Britain Analysis: A European Exit Damaging the US-UK “Special Relationship”

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PHOTO: President Obama and Prime Minister David Cameron, who announced his resignation following Britain’s EU referendum


Written in partnership with The Conversation:


At 4:40 a.m. on Friday, June 23, 2016, the BBC’s David Dimbleby announced the “historic moment” of Leave’s victory in the European Union referendum.

One of those historic consequences will be damage to the US-UK “special relationship” that has been a pillar of Britain’s political, economic, and military strategy since 1945.

Brexit’s campaigners have insisted that the UK can easily replace its economic position within the EU with the primacy of links with the US. That assertion — whether from genuine belief or political manoeuvring — is misguided.

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Britain Analysis: Brexit Will Damage the US-UK “Special Relationship”
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For all the myths of the “special relationship”, US interests rest on links with Europe, rather than with London. From the interlinked creation of NATO and the EU’s ancestors, such as the European Economic Community, to the support of Western Europe as a bulwark against Soviet Communism to the post-Cold War strategy of “engagement and enlargement”, America’s economic and political strategists have built their approach on a UK inside Europe, not detached from it.

The current US leadership has not been shy about reasserting this. To the contrary, President Obama made clear in March that the UK would be at the “back of the queue” for trade deals if Brexit triumphed. Former high-level officials — used as channels for the views of those who now hold their positions — spoke of the negative effects not only on Britain’s economic future but on relationships within diplomatic, military, and intelligence partnerships.

See Britain Analysis: “God Help Our Country” — UK Out of European Union

Even before Washington woke to news of the result, the US reaction has been anticipated in Asian markets in which the pound fell 11% against the dollar in less than seven hours. The opening of American markets later today will drive home the warning, even if President Obama, his advisors, and Presidential candidate Hillary Clinton will be guarded in their assessments.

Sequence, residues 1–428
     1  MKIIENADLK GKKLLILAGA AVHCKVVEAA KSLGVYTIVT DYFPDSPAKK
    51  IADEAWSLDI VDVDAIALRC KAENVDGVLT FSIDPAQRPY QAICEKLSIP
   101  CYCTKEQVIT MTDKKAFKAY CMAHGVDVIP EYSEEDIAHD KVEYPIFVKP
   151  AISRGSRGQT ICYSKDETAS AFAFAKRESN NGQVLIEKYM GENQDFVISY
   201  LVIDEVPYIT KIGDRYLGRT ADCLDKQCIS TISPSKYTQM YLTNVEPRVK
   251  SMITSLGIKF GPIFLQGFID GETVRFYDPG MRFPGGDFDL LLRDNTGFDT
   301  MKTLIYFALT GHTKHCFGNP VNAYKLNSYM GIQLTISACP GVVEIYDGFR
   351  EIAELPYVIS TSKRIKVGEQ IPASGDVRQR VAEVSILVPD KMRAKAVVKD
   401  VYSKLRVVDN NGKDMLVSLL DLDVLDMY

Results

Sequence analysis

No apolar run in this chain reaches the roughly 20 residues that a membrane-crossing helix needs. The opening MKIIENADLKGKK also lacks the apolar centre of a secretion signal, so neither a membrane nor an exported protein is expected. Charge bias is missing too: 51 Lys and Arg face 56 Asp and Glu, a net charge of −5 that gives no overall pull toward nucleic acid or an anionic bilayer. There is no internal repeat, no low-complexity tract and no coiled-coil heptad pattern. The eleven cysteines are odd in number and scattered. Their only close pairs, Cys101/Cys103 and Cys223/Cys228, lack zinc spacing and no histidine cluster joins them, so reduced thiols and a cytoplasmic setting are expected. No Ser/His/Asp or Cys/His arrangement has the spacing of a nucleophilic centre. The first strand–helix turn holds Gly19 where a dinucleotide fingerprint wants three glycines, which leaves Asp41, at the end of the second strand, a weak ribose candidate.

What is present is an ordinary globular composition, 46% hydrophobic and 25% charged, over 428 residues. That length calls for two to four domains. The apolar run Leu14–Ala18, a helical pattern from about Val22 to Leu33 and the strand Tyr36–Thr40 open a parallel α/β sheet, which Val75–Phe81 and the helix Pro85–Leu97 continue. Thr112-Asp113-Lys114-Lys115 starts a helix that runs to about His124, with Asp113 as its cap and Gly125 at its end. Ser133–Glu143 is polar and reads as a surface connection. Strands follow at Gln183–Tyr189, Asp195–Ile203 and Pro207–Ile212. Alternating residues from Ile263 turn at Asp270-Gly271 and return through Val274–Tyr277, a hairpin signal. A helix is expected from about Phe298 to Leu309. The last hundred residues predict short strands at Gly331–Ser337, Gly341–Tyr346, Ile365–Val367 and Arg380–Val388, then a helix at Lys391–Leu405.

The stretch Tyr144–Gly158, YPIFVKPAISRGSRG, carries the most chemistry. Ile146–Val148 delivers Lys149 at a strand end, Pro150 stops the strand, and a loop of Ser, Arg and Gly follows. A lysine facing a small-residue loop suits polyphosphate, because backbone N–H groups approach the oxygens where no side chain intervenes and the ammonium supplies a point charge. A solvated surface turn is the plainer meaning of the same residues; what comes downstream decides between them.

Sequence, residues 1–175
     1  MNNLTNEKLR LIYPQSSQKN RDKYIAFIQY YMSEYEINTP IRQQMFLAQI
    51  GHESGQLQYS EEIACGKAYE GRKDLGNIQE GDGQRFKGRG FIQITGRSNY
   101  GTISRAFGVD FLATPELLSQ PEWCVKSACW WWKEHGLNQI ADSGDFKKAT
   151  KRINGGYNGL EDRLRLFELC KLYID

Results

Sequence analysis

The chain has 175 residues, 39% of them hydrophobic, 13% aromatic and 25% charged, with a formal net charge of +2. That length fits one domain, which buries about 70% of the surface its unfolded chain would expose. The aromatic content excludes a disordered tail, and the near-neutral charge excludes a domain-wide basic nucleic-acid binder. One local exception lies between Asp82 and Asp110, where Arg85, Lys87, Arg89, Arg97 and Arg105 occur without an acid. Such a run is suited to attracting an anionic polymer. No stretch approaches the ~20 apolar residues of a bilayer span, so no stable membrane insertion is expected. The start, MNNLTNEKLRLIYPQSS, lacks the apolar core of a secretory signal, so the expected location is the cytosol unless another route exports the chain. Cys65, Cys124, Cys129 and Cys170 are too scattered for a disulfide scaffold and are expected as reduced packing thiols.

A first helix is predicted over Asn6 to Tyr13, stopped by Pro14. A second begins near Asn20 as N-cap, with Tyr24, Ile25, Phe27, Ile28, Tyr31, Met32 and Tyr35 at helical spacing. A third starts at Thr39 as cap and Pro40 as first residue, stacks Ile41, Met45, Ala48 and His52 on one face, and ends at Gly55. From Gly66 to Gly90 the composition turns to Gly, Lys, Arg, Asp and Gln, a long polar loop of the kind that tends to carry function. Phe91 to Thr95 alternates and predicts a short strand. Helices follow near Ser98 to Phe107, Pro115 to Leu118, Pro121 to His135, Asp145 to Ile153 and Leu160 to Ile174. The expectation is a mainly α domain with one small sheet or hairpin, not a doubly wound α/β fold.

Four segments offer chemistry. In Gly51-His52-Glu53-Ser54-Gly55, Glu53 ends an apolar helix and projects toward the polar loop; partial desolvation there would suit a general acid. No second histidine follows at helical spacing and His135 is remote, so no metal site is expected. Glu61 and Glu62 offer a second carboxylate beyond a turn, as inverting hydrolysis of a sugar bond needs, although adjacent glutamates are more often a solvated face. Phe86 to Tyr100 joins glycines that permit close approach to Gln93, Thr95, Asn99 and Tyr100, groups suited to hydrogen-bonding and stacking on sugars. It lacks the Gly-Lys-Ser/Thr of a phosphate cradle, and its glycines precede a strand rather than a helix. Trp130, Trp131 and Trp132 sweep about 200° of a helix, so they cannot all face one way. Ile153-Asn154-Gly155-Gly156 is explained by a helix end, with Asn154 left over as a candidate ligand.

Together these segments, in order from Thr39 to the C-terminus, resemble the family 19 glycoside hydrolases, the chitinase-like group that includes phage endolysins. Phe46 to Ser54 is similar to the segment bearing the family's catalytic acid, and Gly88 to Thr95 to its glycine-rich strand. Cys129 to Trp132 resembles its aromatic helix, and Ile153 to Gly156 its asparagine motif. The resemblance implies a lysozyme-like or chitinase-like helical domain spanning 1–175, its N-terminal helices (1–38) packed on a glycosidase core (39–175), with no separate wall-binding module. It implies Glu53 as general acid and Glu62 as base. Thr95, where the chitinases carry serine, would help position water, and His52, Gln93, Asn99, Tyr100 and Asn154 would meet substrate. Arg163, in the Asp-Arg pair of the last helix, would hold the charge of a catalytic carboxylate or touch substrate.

The US-UK relationship rests on institutions which prefer security and certainty. Given that the UK — which may not be “United” in the near-future if Scotland departs — is entering a period of protracted insecurity and uncertainty, Washington will not be looking at “Independence Day” England and Wales as an asset, but as a problem.

Still, amid the gloom, one US figure offered relief through inadvertent black comedy. Presidential candidate Donald Trump, with exquisite timing for a trans-Atlantic visit, tweeted:

Trump may never realize that Scotland’s electorate voted 62-38 for Remain, and that the leader of the Scottish Nationalist Party, Nicola Sturgeon, made it crystal-clear that Scotland’s future is with the European Union.

But more sober observers in the US will see this — and much more. Like many other fallouts from the “historic moment”, this does not bode well for the prominence in the world of a little England.

The Conversation

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5 COMMENTS

    • Lied about what? The EU is a corrupt, irrelevant, dysfunctional joke that is about to collapse. When the rest of the EU states rush for the exits, Britain’s will be relieved they are not among the last who are left with the bill for damages.